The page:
Projects and Features
Council project spurs regeneration
A steel-framed solution, offering a cost-efficient and quick construction programme, was the answer for a new council HQ and car park in Colwyn Bay. Martin Cooper reports from North Wales.
Conwy County Council headquarters, Colwyn Bay
Main client: Conwy County Council
Developer: Muse Developments
Architect: AHR Architects
Main contractor: Bowmer & Kirkland
Structural engineer: Arup
Steelwork contractor: EvadX
Steel tonnage: 1,050tWork is under way on a new steel-framed civic building in Colwyn Bay town centre, North Wales, which will provide the local authority with a four-storey, BREEAM ‘Excellent’ headquarters.
Providing 9,200m² of office space, it will accommodate around 750 staff and replace up to 13 existing offices. The scheme also includes an adjacent three-level, 354-space car park, which is also a steel-framed structure.
Overall, the scheme will contribute to the Council’s continued regeneration of Colwyn Bay, having already invested over £50M in recent years for the modernisation of the promenade, as well as extensive coastal defences.
Regeneration specialist Muse gained planning approval for the project in August 2016. The company was selected as the Council’s preferred development partner in September 2015 following a competitive procurement process.
Main contractor Bowmer & Kirkland’s early involvement in the project began with a look at the design’s framing solutions.
“Originally the frame was concrete for the car park and office cores, however through value engineering and a desire for cost savings the scheme switched to a full steel frame during the final design stage,” says says Bowmer & Kirkland Project Manager Mark Hooson.
“The large spans in the office and car park lend themselves to a steel solution. The use of cellular beams ensures sufficient space to distribute services within the ceiling voids,” adds AHR Associate Director Geoff Goodman.
“Steel is also the most efficient and lightweight structural solution to realise the building’s very distinct roof form and glazed atrium roof, and steel also brings the benefit of programme savings through its speed of construction.”
With the new design in place, Bowmer & Kirkland started on-site during November 2016. It initially demolished the existing buildings, clearing the site and then completed the groundworks in preparation for the steelwork erection, which began in June this year.
“Prior to the steel erection starting we also installed the piled foundations and laid the concrete slab throughout the site,” explains Mr Hooson.
“The slab provides a clean and safe surface for the steel erectors’ cranes and MEWPs to work on.”
The steel design of the car park is based around a 7.5m × 16m grid pattern, using Westok cellular beams supporting precast planks.
The car park has three floors, including an open rooftop level. In order to accommodate the footprint’s slope, the middle floor has a split level.
“Planning dictated that the car park structure’s height had to be kept to a certain height and so all of the beams are a maximum 575mm deep,” explains Blue Print Engineers’ [the company detailing the steelwork for EvadX] Paul Dean.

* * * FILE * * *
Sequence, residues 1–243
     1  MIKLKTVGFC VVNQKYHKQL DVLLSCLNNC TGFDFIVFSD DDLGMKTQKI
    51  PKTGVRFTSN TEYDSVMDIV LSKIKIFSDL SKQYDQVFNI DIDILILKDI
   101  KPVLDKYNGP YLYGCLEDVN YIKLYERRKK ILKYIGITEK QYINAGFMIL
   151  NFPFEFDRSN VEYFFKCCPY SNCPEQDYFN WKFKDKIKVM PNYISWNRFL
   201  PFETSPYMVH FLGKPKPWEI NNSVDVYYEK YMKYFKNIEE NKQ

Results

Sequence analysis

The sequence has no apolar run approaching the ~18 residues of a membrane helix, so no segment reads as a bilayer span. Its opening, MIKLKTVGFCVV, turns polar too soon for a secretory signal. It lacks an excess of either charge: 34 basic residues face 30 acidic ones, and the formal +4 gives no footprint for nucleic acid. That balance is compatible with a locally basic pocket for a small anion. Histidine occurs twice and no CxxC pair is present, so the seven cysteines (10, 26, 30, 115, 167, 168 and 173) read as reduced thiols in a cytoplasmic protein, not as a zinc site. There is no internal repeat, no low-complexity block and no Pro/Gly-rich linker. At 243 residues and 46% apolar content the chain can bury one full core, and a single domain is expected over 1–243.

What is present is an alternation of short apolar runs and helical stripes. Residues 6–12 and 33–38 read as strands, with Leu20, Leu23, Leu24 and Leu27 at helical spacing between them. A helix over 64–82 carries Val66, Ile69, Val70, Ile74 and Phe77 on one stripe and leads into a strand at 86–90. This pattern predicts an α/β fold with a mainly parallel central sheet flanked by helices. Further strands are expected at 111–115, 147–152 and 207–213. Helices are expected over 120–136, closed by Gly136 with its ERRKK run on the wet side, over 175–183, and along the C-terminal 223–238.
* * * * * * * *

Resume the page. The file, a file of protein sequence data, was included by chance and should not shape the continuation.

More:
“This size of beam is sufficient to create the required headroom clearance, form the long 16m span, support the planks and 75mm floor topping, and create a light airy environment because of the cellular holes that allow light into the inner parts of the building.”
Although the adjacent steel-framed office block is linked to the car park at ground floor, both buildings are structurally independent.
Kloeckner Westok provided value engineering design services to EvadX for the scheme’s clear span solution.
Kloeckner’s Design Team Manager John Callanan said: “We were delighted to work with EvadX to realise the economic clear spans required for the project. Considering the strict beam depth limits throughout the structures, pre-cambered cellular Westok beams ticked all the boxes.”
The office building is designed around a regular 7.5m × 15m grid pattern, which repeats throughout the building’s four floors, giving the offices the desired open-plan environment. Cellular beams have been used to support metal decking in a composite design, as well as to accommodate all of the services within the structural void.
Positioned in the middle of the building is an atrium, creating a full-height void that is topped with a glazed roof. Allowing natural light to penetrate the inner areas of the building, the atrium also accommodates stairs and a lift core.
Supporting the atrium’s glazing is a series of 10 × 15m-long tubular bowstring trusses that span the void at roof level.
The main elevations of the office structures feature steep pitched roofs, mimicking and in keeping with the town’s 19th Century buildings.
The pitched roofs are formed with propped rafters from the flat low level roof on the inner portions of the building. The outer sides are supported with perimeter columns along the outer elevations. These outer columns are either full-height or start at third floor level.
In total, there are 12 pitched roofs, one atrium roof and also a high level flat roof above the main lift and stair core area.
Summing up, Muse Development Director Phil Marsden says:
‘This is a very important project for Colwyn Bay and the ongoing regeneration of the town. We’re working closely with Conwy Council to develop the scheme which will help them to operate more efficiently and reduce their carbon footprint by bringing a number of key services together into one energy-efficient and accessible building.”
Cllr Dilwyn Roberts, Leader of Conwy County Borough Council, adds: “This new office building will not only help to streamline our office accommodation, but it’s also a key part of our regeneration programme.”